The equation for shear force is easy to remember; it is the summation of all the forces in the direction of the shear force, perpendicular to the member. From the diagram used to show the reactions, we will compute the formula for the shear force we would have in the reactions.

Shear Force Formula

We already know the shear forces are Fxa and Fxb. So what force would we expect to see in each? Well, the sum of the forces has to be equal for it to be in equilibrium according to Isaac Newton’s first law.

∑Fv = 0

External Force = FxA + FxB

If the force is in the center, from taking moments at each, we can conclude that they are equal.

FxA  = FxB = External Force / 2

What Is A Shear Force Diagram?

The best way to show the analysis of shear force is graphically.  By producing a sketch of the member (free body diagram) as we have above and including the force along the beam. This allows us to look at the shear force at any point in the beam and design accordingly.

Typically, we would use a linear member (linear means to have the same sectional and material properties along the whole beam length) and therefore we would only need to check the shear force at the supports, the point of maximum shear force. However, with design constraints and the evolution of machinery, architectural requirements etc., this is not always the case. I’m personally seeing it more and more going forward in my career. Therefore, it is important to be able to access the beam at different locations and we can do this by hand. Once this is fully understood, there is a lot of commercial software available to use for the analysis.

Recently I designed a tapered beam. To give reasoning for how and why this occurred, I will put some background information about the job (everyone loves a good story right?). Due to complications and revised client specifications, the beam sizes needed to be altered due to an increase in the span, but most of the steel frame was already fabricated. It was agreed that we would taper the ends of the beams to allow the columns to remain at the same height, therefore not altering the headroom or creating an uneven surface.

One problem with tapering the end of a beam is that we have reduced sectional properties of the beam. Coincidentally, this is the location of the maximum shear.

Tapered Beam. Maximum Shear at Tapered End.

For  the examples below, we are going to calculate the maximum shear force at the supports and draw the shear force diagrams. Go through it step by step. The process will provide discipline for more complex cases and it is also a great way to avoid mistakes! Note, in all the examples we are only going to consider the external forces. Self weight is excluded as is partial factors of safety.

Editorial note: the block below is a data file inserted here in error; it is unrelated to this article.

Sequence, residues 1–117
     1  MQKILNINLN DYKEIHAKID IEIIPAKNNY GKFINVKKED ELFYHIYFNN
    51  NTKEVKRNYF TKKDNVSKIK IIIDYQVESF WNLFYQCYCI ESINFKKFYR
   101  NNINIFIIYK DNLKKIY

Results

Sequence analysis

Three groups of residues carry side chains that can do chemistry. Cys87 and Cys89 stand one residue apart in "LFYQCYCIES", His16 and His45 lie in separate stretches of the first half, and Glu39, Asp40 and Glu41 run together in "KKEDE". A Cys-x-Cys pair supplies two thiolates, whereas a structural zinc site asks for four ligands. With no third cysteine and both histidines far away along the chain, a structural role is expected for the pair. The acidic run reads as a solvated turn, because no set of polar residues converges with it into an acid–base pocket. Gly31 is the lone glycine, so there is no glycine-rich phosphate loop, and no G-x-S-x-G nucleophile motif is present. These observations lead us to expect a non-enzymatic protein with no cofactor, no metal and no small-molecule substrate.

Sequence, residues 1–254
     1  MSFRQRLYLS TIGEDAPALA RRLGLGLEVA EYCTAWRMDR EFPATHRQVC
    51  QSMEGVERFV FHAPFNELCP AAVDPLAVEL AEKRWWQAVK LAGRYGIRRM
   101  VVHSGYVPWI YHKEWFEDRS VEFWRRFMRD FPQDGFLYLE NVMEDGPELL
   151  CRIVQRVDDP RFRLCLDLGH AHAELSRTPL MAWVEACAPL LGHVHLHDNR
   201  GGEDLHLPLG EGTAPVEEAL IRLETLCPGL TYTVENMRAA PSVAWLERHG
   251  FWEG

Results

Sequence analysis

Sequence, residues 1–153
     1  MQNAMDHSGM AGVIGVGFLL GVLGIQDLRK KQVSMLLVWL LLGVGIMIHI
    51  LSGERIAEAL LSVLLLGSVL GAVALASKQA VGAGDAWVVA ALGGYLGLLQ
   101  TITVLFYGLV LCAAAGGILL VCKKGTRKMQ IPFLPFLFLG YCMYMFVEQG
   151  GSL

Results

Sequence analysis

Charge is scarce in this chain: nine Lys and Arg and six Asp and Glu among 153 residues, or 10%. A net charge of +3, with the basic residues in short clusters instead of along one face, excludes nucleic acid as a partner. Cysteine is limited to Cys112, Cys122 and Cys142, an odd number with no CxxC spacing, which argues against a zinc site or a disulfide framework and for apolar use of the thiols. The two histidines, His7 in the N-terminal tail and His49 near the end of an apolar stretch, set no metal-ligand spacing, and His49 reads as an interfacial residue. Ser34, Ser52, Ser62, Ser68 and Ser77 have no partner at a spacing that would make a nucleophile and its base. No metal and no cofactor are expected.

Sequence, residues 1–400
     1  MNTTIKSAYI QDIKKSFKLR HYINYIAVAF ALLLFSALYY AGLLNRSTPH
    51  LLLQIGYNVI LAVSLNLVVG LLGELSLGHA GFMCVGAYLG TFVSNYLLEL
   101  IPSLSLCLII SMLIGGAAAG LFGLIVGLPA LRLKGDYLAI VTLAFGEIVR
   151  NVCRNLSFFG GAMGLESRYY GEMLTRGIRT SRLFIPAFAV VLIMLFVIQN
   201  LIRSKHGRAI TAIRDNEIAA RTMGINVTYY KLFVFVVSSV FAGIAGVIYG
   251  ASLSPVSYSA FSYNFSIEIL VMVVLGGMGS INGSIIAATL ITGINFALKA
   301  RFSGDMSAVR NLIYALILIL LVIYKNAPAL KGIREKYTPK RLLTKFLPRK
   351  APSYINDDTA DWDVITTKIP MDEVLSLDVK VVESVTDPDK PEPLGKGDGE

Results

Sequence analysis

Ex.1 - Simply Supported Beam - 2 Point Loads

A nice easy one to get started. Calculate the shear force at both supports and show the shear force diagram.

Ex. 1 - Simply Supported Beam with 2 Point Loads

First of all, we need to calculate the reactions, or shear force, at the supports. Due to the forces being uneven, each support will take a different proportion of the load.

Taking moments about support A. RA. No moment can occur at either RA or RB as it is simply supported.

∑M @ RA = 0

0 = 10*1 + 20*2 - RB*3

RB = 16.67kN

Now use the shear force equation to calculate the force at support RA.

∑Fv = 0

RA + RB = 10kN + 20kN

RA = 13.33kN

Ex. 1 - Shear Force at Supports

Now for the final part, plot the shear force diagram. We just follow each force in the above diagram. Where no force exists between the point loads and supports, the shear force does not change.

Ex. 1 - Shear Force Diagram


Ex.2 - Simply Supported Beam - Uniformly Distributed Load

Now for another example, this time with a uniformly distributed load.

Ex.2 Simply Supported Beam with UDL

First step, calculate the force in the reactions. We can do this by either remembering the equation for a UDL, or manually. We will do it manually by taking moments. The UDL is converted to a point load at the center of the beam.

Ex. 2 Finding Reactions from a UDL

∑M @ RA = 0

0 = 50*5 - 10*RB

RB = 25kN

Now use the shear force equation to calculate the force at support RA.

∑Fv = 0

RA + RB = 50kN

RA = 50kN

Ex. 2 - Shear Force Diagram

I hope you found the two examples useful. Shear force is extremely important to be able to calculate and knowledge of how the shear force diagrams look will help validate structural analysis models.